Kevin Space is pleased to announce Sitcom Architecture, the first solo exhibition by artist and writer Becket MWN in Austria. Through a site-specific installation of text-based audio, sculpture, and video, the exhibition expands on the artist’s interests in the relation between acts of speaking, media, and contemporary productions of subjectivity.
Unfolding from the specificities of the two almost identical rooms of Kevin Space, Sitcom Architecture explores the dimensions of the double on an architectural, medial, embodied, and psychological level, while reflecting on how narratives are constructed, and experiences of being present are mediated, through staging and the formative act of editing. Stage and backstage, on and off camera, interior and exterior constitute doubtful distinctions in the creation of ambiguous spaces and characters and serve the exploration of the fragmented domestic and political realms of the present.
Sitcom Architecture is conceived as an infrastructure that enables a continuous process of editing and the production of overlapping subjectivities. Within an implied setting of an abandoned TV studio, three figures—the writers, the editor, and the carpenter—constitute different protagonists that inhabit the production space and are embroiled in unlikely and catastrophic conversations, recorded in three audio pieces: The Writers, located under a seating tribune in the audience space off stage, pondering the dissolving domesticity of the sitcom architecture through the figure of the ‘dad’ barricading the front door and thus his realm of power-exertion; The Carpenter as the physical producer of the set silhouetted by the make-shift wall and a rolled out carpet to suggest a domestic sphere contemplating the material registers constituting contemporary image-based reality and subjecthood; The Editor in the third and back space––a storage with props arranged by the artist––takes on a central role in the creation of the sitcom architecture and authority on how the individual rooms interact with each other, and how experiences are manufactured.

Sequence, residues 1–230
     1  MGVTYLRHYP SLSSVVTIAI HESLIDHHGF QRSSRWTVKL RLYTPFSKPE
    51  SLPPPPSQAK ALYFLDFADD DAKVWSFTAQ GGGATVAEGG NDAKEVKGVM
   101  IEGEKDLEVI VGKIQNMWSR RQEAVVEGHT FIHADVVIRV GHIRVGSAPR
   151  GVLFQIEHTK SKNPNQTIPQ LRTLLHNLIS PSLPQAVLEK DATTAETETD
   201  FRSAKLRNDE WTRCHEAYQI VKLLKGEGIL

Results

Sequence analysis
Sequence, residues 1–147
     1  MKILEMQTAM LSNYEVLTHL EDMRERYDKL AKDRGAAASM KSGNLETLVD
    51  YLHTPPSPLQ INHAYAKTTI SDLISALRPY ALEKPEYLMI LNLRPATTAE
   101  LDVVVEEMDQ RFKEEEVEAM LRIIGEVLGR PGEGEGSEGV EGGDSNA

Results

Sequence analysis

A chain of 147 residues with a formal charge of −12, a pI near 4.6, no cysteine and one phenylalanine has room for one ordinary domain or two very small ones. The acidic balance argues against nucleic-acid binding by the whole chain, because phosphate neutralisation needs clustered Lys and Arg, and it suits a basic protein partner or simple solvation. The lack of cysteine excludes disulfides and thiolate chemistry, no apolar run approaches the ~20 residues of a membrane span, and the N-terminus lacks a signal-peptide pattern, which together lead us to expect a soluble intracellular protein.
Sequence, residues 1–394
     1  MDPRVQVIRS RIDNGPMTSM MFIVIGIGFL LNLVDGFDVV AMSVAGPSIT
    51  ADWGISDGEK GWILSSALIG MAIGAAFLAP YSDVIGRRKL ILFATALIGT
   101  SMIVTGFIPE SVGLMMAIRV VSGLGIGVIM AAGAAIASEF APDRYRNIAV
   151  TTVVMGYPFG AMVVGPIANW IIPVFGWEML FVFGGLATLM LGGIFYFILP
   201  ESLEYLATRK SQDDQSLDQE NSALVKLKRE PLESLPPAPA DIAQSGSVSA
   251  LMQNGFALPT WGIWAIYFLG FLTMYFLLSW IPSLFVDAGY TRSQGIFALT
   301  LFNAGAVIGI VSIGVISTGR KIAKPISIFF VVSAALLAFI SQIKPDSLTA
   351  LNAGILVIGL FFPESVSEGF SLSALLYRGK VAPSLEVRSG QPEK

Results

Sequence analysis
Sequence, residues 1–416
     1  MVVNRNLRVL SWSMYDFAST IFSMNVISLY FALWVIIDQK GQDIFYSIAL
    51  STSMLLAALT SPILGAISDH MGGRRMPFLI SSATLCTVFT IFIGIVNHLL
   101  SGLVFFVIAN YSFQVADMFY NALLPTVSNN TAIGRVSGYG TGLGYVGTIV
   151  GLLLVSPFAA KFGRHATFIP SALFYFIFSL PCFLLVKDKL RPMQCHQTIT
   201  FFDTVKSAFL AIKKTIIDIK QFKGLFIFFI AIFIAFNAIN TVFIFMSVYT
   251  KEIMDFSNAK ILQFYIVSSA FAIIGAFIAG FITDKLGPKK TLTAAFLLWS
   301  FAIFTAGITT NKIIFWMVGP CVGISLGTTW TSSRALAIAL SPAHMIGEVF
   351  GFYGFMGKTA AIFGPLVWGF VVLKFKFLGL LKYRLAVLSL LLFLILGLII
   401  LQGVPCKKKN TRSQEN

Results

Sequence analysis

While this threefold structure serves as a tool to break up and reflect upon the artist’s own process as a writer, editor, and sculptor, the format of the sitcom played out at Kevin Space serves as a metaphor for how both narrative and apparatus constitute and necessitate each other within given technical and economic constraints. Here, the framing of Kevin Space as both social space and exhibition venue echoes the space’s very own sitcom structures, made visible through a cast of collaborators and speakers who are part of the history of the art space.
Sitcom Architecture reflects the artist’s interest in the conditions and possibilities that are given to questions about embodiment, becoming, and subjectivation through the prism of the history of media and mediation of experiences over the past two decades. The artist introduces the house as a metaphor for the interiority of the self to investigate techniques of how subjectivities are created and constructed by economic and technological apparatuses and editing processes vis-a-vis the fiction of the coherent sitcom house. The employed figures thereby perform the disintegration of the structure, gaining autonomy in moments of collapse. Tracing the coinciding disintegration of social (such as the nuclear family) and political values from a post-political consensus to a post-truth politics, with processes of exteriorization and fragmentation as well as the simulation of presence through new technologies, Sitcom Architecture seeks to challenge operating fictions within contemporary culture.
Becket MWN (*1984) is a writer and artist based in Amsterdam. He received his MFA from the University of Southern California in 2014 and was a resident artist at the Rijksakademie in Amsterdam from 2015 to 2017. He has recently exhibited at Kristina Kite Gallery, Los Angeles (2021), Mery Gates, New York (2021), Grazer Kunstverein, Graz (2021), Broadway, Amsterdam (2020), Motto Books, Berlin (2020), SculptureCenter, New York (2019), TG Gallery, Nottingham (2019), Kunstfort bij Vijfhuizen, Haarlem (2019), Root Canal, Amsterdam (2019), and Vleeshal, Middelburg (2018).
Special thanks for their contributions to Dora Budor, Parastu Gharabaghi, Temra Pavlovic, Michael Ray-Von, Renate Schwarzmüller, Miriam Stoney, and Angharad Williams.